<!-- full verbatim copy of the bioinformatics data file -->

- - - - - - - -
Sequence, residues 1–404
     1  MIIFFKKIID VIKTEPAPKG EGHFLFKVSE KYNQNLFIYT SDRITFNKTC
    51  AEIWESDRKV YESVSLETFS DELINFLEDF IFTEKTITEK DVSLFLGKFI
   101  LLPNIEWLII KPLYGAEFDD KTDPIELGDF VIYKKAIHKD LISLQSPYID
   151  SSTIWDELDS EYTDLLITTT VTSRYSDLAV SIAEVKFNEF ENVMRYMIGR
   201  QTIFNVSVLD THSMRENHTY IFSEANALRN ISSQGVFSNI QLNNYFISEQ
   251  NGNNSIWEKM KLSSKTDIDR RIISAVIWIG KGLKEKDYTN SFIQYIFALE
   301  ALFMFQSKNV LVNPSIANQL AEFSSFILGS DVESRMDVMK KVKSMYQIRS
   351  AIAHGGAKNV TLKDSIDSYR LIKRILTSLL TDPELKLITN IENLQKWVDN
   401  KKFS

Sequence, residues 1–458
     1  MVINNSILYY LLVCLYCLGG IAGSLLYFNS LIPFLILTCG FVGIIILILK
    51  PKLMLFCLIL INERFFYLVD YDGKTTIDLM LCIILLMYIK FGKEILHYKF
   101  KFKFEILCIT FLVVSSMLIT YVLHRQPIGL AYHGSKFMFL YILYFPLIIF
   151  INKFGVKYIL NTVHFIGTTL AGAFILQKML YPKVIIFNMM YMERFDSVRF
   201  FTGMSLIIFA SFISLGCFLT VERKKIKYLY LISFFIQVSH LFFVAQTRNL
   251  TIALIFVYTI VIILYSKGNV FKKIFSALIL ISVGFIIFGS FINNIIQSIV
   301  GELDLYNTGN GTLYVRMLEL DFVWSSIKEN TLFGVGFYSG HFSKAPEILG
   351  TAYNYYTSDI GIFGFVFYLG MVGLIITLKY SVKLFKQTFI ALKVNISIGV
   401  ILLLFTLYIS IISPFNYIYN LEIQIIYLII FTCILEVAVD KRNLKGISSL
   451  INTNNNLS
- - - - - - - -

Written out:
Sequence, residues 1–404
     1  MIIFFKKIID VIKTEPAPKG EGHFLFKVSE KYNQNLFIYT SDRITFNKTC
    51  AEIWESDRKV YESVSLETFS DELINFLEDF IFTEKTITEK DVSLFLGKFI
   101  LLPNIEWLII KPLYGAEFDD KTDPIELGDF VIYKKAIHKD LISLQSPYID
   151  SSTIWDELDS EYTDLLITTT VTSRYSDLAV SIAEVKFNEF ENVMRYMIGR
   201  QTIFNVSVLD THSMRENHTY IFSEANALRN ISSQGVFSNI QLNNYFISEQ
   251  NGNNSIWEKM KLSSKTDIDR RIISAVIWIG KGLKEKDYTN SFIQYIFALE
   301  ALFMFQSKNV LVNPSIANQL AEFSSFILGS DVESRMDVMK KVKSMYQIRS
   351  AIAHGGAKNV TLKDSIDSYR LIKRILTSLL TDPELKLITN IENLQKWVDN
   401  KKFS

Sequence, residues 1–458
     1  MVINNSILYY LLVCLYCLGG IAGSLLYFNS LIPFLILTCG FVGIIILILK
    51  PKLMLFCLIL INERFFYLVD YDGKTTIDLM LCIILLMYIK FGKEILHYKF
   101  KFKFEILCIT FLVVSSMLIT YVLHRQPIGL AYHGSKFMFL YILYFPLIIF
   151  INKFGVKYIL NTVHFIGTTL AGAFILQKML YPKVIIFNMM YMERFDSVRF
   201  FTGMSLIIFA SFISLGCFLT VERKKIKYLY LISFFIQVSH LFFVAQTRNL
   251  TIALIFVYTI VIILYSKGNV FKKIFSALIL ISVGFIIFGS FINNIIQSIV
   301  GELDLYNTGN GTLYVRMLEL DFVWSSIKEN TLFGVGFYSG HFSKAPEILG
   351  TAYNYYTSDI GIFGFVFYLG MVGLIITLKY SVKLFKQTFI ALKVNISIGV
   401  ILLLFTLYIS IISPFNYIYN LEIQIIYLII FTCILEVAVD KRNLKGISSL
   451  INTNNNLS